Do you have a data loss prevention plan for your business?

(Last Updated On: February 23, 2016)

While this may be hard to believe, small businesses are far from having a data loss prevention plan in place. While hardware failures may be rare in real life, they do occur. If you don’t have a way to recover data, your business may suffer greatly.

Nowadays, any business has a website. This means that they have a server with a hosting company somewhere, a server that hosts their website, their email accounts and various business documents like marketing materials, user manuals and so on. Having such materials online is a must as they need to be readily available to anyone needing them.

Your hosting company may have a data loss prevention plan in place but it may not be available for you. For instance, if you have an un-managed hosting account, you won’t be able to enjoy proper technical support from your hosting provider. If anything happens to your server, the host will only acct if hardware failures occur. What do they actually do? They replace the failing hardware and eventually install the operating system and the web server software. That’s it. It is your job to reconstruct your data (website, additional documents). The problem is that you may not know how to do that, or even worse, you may not have a back-up of your data. When that happens, your business will suffer severe consequences due to inadequate measures.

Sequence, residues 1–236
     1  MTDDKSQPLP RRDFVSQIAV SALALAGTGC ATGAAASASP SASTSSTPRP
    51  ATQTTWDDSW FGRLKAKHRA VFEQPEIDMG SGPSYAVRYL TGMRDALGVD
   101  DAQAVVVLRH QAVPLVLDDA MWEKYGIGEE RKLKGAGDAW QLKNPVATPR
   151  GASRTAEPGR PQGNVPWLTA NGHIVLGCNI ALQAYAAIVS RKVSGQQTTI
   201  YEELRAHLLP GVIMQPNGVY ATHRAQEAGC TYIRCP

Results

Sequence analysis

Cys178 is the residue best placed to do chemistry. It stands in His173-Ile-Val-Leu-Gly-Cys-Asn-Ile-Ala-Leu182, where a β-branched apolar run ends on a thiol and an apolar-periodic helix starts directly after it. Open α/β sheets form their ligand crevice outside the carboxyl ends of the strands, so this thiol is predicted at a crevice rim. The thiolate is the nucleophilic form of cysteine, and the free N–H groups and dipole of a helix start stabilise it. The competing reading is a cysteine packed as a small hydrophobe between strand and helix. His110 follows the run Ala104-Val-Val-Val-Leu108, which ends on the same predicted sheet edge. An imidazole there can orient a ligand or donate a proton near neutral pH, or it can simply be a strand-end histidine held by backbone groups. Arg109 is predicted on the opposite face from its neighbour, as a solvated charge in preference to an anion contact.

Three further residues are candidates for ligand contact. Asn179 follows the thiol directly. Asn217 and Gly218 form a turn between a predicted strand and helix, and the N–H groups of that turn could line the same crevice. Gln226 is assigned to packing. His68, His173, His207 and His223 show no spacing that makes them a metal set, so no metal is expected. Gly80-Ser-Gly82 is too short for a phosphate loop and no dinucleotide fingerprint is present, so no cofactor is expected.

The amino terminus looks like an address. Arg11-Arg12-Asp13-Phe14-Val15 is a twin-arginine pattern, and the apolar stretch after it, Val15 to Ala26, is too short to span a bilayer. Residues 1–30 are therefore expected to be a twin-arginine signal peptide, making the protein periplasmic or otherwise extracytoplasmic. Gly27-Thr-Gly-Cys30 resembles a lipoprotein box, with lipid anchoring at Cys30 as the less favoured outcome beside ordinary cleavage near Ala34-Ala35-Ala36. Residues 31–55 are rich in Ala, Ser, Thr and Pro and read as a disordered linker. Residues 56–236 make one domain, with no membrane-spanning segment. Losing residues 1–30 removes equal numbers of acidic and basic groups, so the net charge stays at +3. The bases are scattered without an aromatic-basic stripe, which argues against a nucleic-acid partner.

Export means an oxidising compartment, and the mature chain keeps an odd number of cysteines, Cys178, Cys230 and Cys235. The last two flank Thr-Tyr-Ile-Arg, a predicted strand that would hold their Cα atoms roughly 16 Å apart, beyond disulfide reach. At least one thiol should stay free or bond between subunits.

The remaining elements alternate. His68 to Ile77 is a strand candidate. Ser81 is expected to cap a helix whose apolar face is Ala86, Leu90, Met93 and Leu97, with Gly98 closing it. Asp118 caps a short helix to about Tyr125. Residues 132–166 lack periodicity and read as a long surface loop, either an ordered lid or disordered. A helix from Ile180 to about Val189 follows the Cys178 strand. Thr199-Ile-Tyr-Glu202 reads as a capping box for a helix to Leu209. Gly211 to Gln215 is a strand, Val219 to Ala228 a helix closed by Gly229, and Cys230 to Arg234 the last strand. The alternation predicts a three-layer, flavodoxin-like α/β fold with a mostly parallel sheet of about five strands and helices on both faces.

How to prevent disasters with a data loss prevention plan

First, check with your hosting provider what kind of a plan you have with them. You may have a dedicated server and paying quite a lot for it every month, but that doesn’t mean you’re ensured against disasters. Your server could be un-managed (and most of the times it is, as a managed server costs a lot more and you surely didn’t want to opt for that) which means it is up to you to save your data.

This is where your IT personnel comes in. They have to lay a data loss prevention plan and stick to it. This includes setting up the server to make daily, weekly and monthly backups and have them stored on another drive in the server. While this might save your business, it is not totally disaster proof. A second layer of backups must be created and stored off-site. That off-site medium could be another server you have in another location, or could be your personal computer or a storage facility in your office.

Without getting paranoid about the need of having backups stored in special vaults (which is the most reliable option), you need to have a data loss prevention plan with at least two layers of backups. This will prevent disasters from happening and in the event that your server suffers hard drive failures, you will be able to quickly restore your precious data in order to avoid business loss.